A German court ruled to compensate former referee Manuel Greif with 48,500 euros ($52,000), after he filed a case of age-based discrimination against the German Football Association, which ended his arbitration career due to age despite his desire to continue.

A Frankfurt court said on Wednesday that although Griff was entitled to compensation, the 49-year-old referee could not return to his arbitration work.

After reaching the age of 47, Greif filed a lawsuit against the German Federation - which specified 47 years for match referees - and demanded compensation of 190,000 euros.

The ruling opens the door for the German Federation to extend the lifespan of referees in stadiums, like its English counterpart, which allows referees to continue until they exceed 50 years as long as they pass medical and physical tests.

This ruling will also affect the federation’s response to the request of former German international referee Felix Bresch, who previously managed several matches in the 2014 and 2018 World Cups, to remain a local referee in the German Football League (Bundesliga) competitions, despite his arrival at the age of 48.

Breish retired from international arbitration in 2021, despite continuing in local competitions.

The age of 47 was not specified as a maximum age for referees in the laws of the German Federation for the game, but this limit was common for many years.

And the federation recently confirmed that it might soften its position on the age limit for referees, and the fact that it was waiting for the ruling in the Griff case to determine its final position.


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Former French referee Michel Futro reviews some of the gifts he received during the period when he was directing the matches #Al-Kass_Channels pic.twitter.com/Pf8kcXF82f

— Al-Kass channels (@alkasschannel) October 6, 2022

A heart attack behind the reduction of the retirement age

Since the beginning of the nineties of the last century, the International Federation of Football Associations (FIFA) began several changes in the retirement ages of referees, as the injury of the former French international referee Michel Futro - who managed the opening match of the 1990 World Cup between Argentina and Cameroon - caused a heart attack during a fitness test;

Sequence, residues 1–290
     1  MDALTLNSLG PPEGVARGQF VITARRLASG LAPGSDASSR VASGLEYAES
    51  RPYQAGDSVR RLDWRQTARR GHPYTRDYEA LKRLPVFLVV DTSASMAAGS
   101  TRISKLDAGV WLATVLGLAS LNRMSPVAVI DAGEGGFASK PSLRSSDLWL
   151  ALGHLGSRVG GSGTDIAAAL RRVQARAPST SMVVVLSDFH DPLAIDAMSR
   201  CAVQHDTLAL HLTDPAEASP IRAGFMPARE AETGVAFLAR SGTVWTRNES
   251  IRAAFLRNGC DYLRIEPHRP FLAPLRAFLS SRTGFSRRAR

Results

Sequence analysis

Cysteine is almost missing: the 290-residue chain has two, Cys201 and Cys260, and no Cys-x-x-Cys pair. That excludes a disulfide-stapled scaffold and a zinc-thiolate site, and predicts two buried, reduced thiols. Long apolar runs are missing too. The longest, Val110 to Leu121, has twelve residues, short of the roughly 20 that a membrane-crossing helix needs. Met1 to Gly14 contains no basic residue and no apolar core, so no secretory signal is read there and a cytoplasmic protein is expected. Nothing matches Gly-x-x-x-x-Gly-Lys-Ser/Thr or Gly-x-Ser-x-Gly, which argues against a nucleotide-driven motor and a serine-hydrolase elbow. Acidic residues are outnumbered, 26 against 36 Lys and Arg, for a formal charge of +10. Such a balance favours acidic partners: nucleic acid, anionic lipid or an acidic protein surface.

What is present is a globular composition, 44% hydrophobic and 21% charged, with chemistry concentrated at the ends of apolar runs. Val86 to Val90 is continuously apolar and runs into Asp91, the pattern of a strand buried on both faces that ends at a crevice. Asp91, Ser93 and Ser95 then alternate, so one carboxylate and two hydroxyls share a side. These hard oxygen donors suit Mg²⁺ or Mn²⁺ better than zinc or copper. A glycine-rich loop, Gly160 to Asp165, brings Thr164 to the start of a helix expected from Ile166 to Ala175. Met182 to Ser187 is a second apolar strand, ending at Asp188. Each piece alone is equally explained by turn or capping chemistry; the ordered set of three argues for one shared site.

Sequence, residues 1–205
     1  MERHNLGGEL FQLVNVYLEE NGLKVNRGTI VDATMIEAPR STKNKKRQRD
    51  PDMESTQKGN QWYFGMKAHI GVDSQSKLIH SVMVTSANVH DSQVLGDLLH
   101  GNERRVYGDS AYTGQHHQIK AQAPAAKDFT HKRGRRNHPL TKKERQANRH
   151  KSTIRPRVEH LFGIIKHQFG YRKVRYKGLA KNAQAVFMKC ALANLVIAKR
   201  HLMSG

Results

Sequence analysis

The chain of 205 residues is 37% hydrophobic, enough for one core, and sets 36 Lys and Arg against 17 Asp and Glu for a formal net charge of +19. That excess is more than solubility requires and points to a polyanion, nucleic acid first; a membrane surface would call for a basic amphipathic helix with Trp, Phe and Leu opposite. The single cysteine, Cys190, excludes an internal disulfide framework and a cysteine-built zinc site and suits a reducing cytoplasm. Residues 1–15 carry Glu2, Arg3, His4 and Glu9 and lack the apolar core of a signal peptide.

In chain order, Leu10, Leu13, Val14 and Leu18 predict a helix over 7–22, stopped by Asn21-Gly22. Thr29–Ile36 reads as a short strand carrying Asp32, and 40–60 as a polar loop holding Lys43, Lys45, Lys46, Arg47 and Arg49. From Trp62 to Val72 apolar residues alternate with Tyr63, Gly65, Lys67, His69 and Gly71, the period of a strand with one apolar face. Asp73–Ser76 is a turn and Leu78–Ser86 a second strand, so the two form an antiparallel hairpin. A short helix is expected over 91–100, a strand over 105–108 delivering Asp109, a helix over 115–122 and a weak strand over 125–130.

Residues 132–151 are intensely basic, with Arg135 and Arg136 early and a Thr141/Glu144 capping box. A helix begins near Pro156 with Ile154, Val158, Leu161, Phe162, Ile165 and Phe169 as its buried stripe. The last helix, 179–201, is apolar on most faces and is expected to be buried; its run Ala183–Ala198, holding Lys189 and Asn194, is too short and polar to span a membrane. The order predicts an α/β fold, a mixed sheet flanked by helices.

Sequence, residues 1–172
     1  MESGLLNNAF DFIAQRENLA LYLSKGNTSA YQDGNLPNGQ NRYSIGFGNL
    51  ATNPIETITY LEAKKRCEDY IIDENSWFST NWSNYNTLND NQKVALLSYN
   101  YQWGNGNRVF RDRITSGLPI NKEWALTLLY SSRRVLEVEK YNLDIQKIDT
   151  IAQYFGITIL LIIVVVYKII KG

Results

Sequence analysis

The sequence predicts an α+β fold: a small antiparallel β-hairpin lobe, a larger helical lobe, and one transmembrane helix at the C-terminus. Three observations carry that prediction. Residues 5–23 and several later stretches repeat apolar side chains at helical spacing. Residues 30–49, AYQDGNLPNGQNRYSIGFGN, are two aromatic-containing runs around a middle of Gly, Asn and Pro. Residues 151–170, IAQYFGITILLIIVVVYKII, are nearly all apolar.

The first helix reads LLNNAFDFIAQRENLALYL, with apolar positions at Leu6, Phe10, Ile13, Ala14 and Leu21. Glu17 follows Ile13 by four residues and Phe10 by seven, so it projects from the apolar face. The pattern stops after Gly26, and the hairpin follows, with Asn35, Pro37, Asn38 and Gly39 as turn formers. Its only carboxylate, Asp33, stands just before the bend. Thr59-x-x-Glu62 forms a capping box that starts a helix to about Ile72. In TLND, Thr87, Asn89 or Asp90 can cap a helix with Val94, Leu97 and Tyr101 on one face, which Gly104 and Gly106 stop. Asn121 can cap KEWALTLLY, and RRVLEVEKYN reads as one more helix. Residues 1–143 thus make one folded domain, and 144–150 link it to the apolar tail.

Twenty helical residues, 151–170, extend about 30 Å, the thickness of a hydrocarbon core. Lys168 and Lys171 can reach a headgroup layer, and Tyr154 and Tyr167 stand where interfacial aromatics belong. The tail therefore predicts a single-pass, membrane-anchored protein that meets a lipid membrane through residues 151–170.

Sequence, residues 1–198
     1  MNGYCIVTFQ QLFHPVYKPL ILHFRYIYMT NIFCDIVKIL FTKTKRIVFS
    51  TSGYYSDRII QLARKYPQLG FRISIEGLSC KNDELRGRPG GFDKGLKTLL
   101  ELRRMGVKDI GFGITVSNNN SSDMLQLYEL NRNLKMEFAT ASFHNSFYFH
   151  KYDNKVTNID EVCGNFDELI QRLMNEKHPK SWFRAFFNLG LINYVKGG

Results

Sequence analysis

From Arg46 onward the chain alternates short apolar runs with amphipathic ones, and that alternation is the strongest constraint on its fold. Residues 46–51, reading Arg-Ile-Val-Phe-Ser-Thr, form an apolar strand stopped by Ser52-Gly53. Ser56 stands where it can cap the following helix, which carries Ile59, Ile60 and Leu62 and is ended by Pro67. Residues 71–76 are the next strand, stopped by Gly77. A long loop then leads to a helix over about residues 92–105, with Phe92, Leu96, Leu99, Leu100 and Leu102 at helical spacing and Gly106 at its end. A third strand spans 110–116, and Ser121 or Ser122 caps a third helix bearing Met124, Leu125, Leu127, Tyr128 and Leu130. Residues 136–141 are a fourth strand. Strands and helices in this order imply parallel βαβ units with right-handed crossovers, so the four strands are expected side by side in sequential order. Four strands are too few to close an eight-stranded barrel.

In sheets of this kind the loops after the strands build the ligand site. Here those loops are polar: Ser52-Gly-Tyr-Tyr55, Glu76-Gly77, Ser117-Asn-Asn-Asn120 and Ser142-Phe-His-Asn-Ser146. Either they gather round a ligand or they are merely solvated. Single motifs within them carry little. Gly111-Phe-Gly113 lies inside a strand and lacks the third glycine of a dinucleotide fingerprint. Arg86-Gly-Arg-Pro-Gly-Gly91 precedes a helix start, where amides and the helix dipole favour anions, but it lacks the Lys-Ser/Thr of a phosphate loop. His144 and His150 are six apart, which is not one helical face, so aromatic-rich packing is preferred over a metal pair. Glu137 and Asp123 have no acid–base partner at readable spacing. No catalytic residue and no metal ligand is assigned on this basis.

In reducing the retirement age of referees from 50 to 45 years only, which caused many referees not to obtain the international badge around the world, and many of them were forced to retire as well.

French referee Michel Futro with the legend Maradona during his officiating the opening of the 1990 World Cup between Cameroon and Argentina.

🇦🇷 🇨🇲 pic.twitter.com/fGkoNzjqrK

— 🔴king CANTONA 🔴 (@sportmemories_) April 11, 2021

This amendment caused a new generation of international referees, who began to appear in the 1994 World Cup in the United States, and then the 1998 World Cup in France.

And after the end of the 2014 World Cup in Brazil, FIFA returned to extend the age of international arbitration to 47 years, provided that they pass medical and physical exams like all referees, but rather opened the door for civil unions to pass this age as well.

Algerian international referee Jamal Hamoudi hastened to make the decision to retire after managing the third and fourth matches in the 2014 World Cup, on the grounds that it was his last World Cup, and he was not aware of the age extension that would have allowed him to referee in the 2018 World Cup Russia as well.

That is why we have seen referees in the World Cup who exceeded 45 years, the latest of which was Italian referee Daniele Orsato, who officiated the opening match of the 2022 World Cup between the Qatari national team and its Ecuadorian counterpart at Al-Bayt Stadium in Qatar.

  • Former international referee